People lined up earlier this month for early voting outside the Gwinnett County Voter Registrations and Elections Office in Lawrenceville. HYOSUB SHIN / HSHIN@AJC.COM

Georgia’s voters become more diverse ahead of this year’s election

Georgia’s registered voters became more racially diverse this year, continuing a long-term demographic trend among the electorate.

White voters are still the majority in Georgia, but their collective influence is slowly waning each election year, according to voter registration data from the Georgia Secretary of State’s Office. Meanwhile, racial minorities are gradually gaining ground.

The latest voting numbers released this week by the state present an updated look at how it has changed in recent years, in terms of race, gender and age. The figures were compiled after the Oct. 9 voter registration deadline and analyzed by The Atlanta Journal-Constitution.

The voter registration figures tell a story that’s been unfolding for years: Georgia’s voting population is undergoing a consistent demographic shift that could influence which candidates and political parties win elections.

In the race for governor, about 70 percent of white voters support Republican Brian Kemp, and 92 percent of black voters back Democrat Stacey Abrams, according to an AJC poll conducted this month. Election Day is Nov. 6.

A changing electorate

More Georgians than ever are registered to vote — over 6.9 million out of the state’s total population of 10.4 million.

As the state has steadily grown, so has its number of voters. About 1.2 million more people are registered to vote today than in 2010.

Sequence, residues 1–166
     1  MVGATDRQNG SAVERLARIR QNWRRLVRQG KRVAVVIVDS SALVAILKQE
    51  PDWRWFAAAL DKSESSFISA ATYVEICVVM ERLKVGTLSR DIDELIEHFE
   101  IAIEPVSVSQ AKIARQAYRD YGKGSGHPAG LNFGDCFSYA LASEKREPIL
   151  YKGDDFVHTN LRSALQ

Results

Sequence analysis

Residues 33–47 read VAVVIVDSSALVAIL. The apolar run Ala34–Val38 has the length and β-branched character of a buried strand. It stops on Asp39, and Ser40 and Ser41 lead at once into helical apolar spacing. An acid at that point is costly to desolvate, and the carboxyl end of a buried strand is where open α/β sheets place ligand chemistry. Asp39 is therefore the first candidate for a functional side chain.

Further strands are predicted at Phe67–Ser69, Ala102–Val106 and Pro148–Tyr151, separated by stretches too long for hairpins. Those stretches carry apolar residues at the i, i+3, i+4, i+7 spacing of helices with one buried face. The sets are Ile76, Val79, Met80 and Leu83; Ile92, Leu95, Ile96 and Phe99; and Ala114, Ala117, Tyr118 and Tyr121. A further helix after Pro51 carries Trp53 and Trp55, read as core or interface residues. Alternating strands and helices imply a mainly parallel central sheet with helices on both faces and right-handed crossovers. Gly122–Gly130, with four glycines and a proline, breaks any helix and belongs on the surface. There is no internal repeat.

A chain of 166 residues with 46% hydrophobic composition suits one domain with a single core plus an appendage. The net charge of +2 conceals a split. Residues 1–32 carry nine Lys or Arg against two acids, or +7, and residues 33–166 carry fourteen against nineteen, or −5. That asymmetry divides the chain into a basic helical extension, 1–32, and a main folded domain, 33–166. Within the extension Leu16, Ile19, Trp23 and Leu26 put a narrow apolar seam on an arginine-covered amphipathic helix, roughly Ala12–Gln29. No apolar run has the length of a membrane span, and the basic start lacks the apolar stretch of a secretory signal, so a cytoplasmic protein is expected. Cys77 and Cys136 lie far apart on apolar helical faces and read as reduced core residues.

The raw number of voters has increased among all racial groups as they’ve grown with the state. But some groups are increasing faster than others.

African-Americans make up about 30 percent of the state’s active registered voters, about the same percentage as two years ago. Since 2010, the portion of black voters has inched up by about 1 percentage point.

The share of white active voters in Georgia has been decreasing in recent years, from 62 percent in 2010 to 54 percent today.

About 3 percent of the state’s registered voters are Hispanic, 2 percent are Asian-American and 1 percent are American Indian. Roughly 10 percent didn’t list a race on their voter registration forms.

Age of the boomers and seniors

Baby boomers and senior citizens dominate Georgia’s registered voters, giving them an outsized role in deciding the state’s elections.

More than 37 percent of the state’s voters were born before 1964. Those voters include senior citizens, the most dominant demographic age group in Georgia, with people over 65 making up 21 percent of the state’s registered voters.

Registration numbers steadily decline among younger voters.

Voters between the ages of 18 and 24 represent 9 percent of the electorate in Georgia.

Year of the woman?

Women are more likely to be registered to vote in Georgia, and that hasn’t changed in recent years.

Women account for 54 percent of the state’s registered voters, while men make up 46 percent.

They’ll be choosing among more female candidates running for major statewide offices than ever, including Abrams and Sarah Riggs Amico, who is running as a Democrat for lieutenant governor against Republican Geoff Duncan.

The number of women who signed up to run for the state Senate this spring shot up by 40 percent compared with the 2016 election. In the House, about 25 percent more female candidates qualified to run.

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